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orders to set bounds about the mount, lest | amongst men,-not what have you done at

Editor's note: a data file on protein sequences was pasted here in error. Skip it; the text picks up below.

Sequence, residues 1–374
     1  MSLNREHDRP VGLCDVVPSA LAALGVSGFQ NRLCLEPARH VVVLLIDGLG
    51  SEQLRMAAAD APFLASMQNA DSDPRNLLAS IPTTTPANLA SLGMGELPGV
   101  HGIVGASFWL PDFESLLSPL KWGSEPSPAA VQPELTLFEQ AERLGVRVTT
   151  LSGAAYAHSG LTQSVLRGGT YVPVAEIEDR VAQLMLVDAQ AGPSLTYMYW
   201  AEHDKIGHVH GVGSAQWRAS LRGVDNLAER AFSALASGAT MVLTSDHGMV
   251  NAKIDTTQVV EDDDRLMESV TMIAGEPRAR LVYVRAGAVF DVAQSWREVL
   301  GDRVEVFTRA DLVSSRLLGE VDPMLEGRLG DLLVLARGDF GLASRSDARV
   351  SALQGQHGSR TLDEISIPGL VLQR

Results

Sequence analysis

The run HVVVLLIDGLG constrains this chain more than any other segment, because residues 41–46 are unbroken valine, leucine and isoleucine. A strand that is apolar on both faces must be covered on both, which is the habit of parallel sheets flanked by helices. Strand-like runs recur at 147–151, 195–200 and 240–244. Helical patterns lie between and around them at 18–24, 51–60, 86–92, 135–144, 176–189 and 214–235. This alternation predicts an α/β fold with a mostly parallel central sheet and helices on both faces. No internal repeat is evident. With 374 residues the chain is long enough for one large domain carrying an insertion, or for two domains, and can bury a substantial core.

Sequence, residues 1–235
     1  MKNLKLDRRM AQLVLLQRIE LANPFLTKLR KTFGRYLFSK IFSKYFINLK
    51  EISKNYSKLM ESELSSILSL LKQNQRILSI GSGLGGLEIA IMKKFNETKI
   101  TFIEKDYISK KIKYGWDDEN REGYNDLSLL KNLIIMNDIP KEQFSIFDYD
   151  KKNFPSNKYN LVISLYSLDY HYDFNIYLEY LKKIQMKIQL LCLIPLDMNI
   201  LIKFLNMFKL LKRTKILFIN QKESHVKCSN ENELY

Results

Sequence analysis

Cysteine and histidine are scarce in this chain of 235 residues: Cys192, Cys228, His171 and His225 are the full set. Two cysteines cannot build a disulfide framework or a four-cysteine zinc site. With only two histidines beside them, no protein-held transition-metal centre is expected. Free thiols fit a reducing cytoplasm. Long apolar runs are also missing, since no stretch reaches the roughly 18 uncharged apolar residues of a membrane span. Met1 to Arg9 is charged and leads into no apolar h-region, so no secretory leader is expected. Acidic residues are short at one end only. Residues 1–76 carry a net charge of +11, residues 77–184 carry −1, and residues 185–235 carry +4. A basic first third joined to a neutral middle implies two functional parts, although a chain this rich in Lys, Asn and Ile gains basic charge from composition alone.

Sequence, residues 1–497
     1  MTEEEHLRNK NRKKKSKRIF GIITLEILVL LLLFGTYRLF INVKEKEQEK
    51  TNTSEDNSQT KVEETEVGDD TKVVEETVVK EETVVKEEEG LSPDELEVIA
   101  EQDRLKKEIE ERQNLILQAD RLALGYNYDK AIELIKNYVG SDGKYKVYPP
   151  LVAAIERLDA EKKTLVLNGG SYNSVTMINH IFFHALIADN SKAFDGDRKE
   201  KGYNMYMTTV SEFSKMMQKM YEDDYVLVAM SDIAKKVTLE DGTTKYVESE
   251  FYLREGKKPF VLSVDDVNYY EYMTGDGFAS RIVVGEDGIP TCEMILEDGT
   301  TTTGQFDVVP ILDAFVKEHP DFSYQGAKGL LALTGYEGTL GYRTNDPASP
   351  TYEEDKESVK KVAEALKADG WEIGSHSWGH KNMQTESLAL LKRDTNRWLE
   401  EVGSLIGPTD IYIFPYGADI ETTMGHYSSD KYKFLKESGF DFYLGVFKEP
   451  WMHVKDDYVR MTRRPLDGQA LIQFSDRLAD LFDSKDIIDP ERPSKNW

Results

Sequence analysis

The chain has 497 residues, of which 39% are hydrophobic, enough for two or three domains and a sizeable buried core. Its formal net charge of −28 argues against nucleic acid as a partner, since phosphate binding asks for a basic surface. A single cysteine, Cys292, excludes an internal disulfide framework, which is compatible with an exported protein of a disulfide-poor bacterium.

the people should draw near, and God should break forth upon them.